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Old September 28, 2013, 04:04 PM   #101
Vern Humphrey
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Join Date: December 30, 2002
Location: Deep in the Ozarks
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Quote:
hanks Vern
I enjoyed the pics.
Not the best picture of your Colts.
Pants & coats must have been made with Man Sized Pockets in 1849.
Special bonus looking at all the neat pictures everyone else shared in that thread.
You have packed the dickens out of that little detective special.
In the 19th Century, there was no air conditioning or central heating. People wore heavy coats in cold weather, with big pockets and often carried their coats rolled up behind the cantle of the saddle in hot weather. At the OK Corral, Wyatt Earp said he took his Colt Single Action out of the holster and put it in his pocket -- and that's a lot bigger gun than an 1849 pocket revolver.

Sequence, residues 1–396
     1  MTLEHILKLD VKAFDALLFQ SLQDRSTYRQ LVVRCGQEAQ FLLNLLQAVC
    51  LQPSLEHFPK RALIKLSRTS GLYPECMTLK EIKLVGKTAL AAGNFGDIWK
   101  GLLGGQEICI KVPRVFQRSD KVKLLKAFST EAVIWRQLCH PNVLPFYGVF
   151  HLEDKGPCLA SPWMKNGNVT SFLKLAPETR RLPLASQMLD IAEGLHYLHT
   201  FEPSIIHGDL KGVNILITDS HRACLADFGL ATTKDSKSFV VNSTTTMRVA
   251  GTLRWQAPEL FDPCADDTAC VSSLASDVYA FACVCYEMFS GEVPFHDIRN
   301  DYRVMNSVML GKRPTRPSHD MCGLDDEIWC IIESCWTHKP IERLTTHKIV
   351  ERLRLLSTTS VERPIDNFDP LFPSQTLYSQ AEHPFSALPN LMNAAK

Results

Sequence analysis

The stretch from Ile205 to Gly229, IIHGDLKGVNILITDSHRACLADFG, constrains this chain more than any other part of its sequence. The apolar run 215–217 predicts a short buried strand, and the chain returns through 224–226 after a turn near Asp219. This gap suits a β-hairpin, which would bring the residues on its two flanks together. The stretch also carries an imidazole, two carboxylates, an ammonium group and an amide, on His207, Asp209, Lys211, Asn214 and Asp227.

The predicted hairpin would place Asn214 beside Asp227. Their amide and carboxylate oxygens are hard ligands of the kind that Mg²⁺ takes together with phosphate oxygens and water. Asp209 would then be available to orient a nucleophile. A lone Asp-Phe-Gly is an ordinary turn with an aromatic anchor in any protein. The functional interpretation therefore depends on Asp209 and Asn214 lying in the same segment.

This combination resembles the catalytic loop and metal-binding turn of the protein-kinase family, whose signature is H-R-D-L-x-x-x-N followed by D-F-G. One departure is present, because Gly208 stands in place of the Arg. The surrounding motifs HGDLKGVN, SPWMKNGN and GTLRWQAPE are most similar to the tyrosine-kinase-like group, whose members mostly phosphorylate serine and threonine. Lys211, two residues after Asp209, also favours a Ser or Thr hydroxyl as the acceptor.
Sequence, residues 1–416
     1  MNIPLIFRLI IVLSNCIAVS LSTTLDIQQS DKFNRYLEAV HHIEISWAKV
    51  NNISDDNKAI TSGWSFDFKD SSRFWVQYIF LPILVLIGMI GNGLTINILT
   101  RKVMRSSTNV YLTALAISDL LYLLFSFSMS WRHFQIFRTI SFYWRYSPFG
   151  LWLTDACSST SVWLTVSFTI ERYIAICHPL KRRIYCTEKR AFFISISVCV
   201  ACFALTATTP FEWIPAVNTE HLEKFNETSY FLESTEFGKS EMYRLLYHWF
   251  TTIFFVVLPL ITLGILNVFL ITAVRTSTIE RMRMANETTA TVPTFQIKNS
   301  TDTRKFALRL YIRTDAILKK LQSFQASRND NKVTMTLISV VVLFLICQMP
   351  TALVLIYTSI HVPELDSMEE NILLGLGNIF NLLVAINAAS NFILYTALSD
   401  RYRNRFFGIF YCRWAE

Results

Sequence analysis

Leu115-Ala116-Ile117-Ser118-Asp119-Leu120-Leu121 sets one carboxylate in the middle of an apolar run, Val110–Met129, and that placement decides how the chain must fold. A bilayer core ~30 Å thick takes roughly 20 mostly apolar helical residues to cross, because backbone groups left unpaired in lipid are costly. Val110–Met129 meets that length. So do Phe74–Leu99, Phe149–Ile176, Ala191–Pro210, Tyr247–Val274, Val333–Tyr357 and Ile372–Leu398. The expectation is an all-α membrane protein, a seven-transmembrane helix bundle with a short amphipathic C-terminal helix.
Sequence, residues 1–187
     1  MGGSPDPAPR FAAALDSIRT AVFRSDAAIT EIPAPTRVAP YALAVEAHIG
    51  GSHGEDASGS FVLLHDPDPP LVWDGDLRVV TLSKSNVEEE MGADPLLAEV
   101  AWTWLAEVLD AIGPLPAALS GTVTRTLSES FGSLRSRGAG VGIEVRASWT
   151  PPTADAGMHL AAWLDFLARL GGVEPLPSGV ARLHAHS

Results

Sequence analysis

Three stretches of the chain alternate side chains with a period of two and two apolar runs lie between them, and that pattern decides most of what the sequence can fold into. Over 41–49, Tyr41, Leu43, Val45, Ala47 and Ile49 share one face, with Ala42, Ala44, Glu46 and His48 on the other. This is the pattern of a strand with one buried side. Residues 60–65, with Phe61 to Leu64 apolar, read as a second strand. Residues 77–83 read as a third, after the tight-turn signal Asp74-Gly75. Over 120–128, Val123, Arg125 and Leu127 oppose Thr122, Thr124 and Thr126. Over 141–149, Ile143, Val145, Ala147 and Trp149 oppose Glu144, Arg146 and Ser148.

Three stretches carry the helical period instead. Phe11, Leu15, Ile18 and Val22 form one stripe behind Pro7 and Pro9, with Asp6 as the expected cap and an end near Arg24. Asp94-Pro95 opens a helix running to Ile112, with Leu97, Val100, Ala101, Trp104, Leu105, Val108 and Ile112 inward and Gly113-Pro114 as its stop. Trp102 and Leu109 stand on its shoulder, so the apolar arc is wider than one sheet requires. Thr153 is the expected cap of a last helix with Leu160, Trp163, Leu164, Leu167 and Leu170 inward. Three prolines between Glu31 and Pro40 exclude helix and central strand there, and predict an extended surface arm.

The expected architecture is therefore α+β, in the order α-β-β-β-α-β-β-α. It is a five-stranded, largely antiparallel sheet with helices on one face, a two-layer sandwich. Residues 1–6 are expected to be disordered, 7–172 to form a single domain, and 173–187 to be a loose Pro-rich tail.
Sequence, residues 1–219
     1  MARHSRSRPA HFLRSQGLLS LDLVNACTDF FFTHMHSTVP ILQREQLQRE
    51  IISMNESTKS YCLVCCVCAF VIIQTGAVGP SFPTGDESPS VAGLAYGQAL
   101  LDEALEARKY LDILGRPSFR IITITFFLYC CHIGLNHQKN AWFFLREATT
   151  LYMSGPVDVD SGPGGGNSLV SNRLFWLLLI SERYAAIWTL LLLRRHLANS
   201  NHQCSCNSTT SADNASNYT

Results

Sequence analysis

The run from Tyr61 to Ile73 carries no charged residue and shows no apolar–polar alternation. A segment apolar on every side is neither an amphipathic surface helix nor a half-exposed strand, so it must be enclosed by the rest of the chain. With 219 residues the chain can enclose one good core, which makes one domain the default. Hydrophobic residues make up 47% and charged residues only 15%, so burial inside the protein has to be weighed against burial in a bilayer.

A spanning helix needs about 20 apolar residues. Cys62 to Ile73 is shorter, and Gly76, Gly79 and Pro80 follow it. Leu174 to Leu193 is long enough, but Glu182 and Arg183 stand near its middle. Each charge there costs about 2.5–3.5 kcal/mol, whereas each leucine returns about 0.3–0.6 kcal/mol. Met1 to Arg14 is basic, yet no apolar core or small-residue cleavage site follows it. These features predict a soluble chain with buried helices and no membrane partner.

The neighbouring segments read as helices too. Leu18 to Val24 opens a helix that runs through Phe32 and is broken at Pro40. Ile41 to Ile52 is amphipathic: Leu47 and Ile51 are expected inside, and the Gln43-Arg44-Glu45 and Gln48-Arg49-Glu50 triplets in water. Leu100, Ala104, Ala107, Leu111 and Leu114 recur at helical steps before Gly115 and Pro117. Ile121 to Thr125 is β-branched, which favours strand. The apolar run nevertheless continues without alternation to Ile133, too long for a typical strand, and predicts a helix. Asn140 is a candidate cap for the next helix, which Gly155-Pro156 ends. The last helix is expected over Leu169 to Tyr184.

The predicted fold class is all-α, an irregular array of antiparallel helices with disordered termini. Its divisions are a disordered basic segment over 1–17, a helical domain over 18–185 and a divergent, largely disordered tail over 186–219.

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Old September 28, 2013, 05:52 PM   #102
RPRNY
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I have really enjoyed this thread and some great pictures, but there's something very odd indeed going on. In my experience, horsemen are bigger liars (although we would prefer "tellers of tall tales") than even fishermen. Yet, throughout this thread there are significant admissions that at times horse and rider are not "one", hell, sometimes not even two.

These must be pitiful horsemen indeed. Why it's almost impossible for even the most uncouth dudes to be thrown. The times that I broke my back, both collar bones, ribs and wrist in inexplicable departures from my seat were all freak aberrations, in no way the result of differences of opinion between horse and rider, almost always caused by the poor situation of a fence by some anti-equine sadist, an unbeknownst secret rainfall only on the downhill side of a stone wall or due to the reckless and malicious inattention of a tree...and most certainly not anything to do with poor judgment or communication on my part.

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Old September 28, 2013, 07:09 PM   #103